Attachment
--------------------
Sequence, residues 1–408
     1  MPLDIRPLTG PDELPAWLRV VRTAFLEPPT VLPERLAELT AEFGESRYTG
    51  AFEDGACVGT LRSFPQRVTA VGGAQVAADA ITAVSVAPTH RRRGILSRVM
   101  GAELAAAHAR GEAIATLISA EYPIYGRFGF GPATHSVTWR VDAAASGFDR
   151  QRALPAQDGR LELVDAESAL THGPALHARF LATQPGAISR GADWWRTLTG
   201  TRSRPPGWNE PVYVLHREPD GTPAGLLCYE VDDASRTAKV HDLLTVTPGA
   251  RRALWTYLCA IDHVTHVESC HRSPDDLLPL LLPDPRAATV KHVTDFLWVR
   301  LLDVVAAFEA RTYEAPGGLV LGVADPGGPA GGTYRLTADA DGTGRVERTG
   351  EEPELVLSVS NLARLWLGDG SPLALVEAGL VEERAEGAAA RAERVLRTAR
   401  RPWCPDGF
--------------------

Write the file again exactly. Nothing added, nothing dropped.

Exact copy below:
Sequence, residues 1–408
     1  MPLDIRPLTG PDELPAWLRV VRTAFLEPPT VLPERLAELT AEFGESRYTG
    51  AFEDGACVGT LRSFPQRVTA VGGAQVAADA ITAVSVAPTH RRRGILSRVM
   101  GAELAAAHAR GEAIATLISA EYPIYGRFGF GPATHSVTWR VDAAASGFDR
   151  QRALPAQDGR LELVDAESAL THGPALHARF LATQPGAISR GADWWRTLTG
   201  TRSRPPGWNE PVYVLHREPD GTPAGLLCYE VDDASRTAKV HDLLTVTPGA
   251  RRALWTYLCA IDHVTHVESC HRSPDDLLPL LLPDPRAATV KHVTDFLWVR
   301  LLDVVAAFEA RTYEAPGGLV LGVADPGGPA GGTYRLTADA DGTGRVERTG
   351  EEPELVLSVS NLARLWLGDG SPLALVEAGL VEERAEGAAA RAERVLRTAR
   401  RPWCPDGF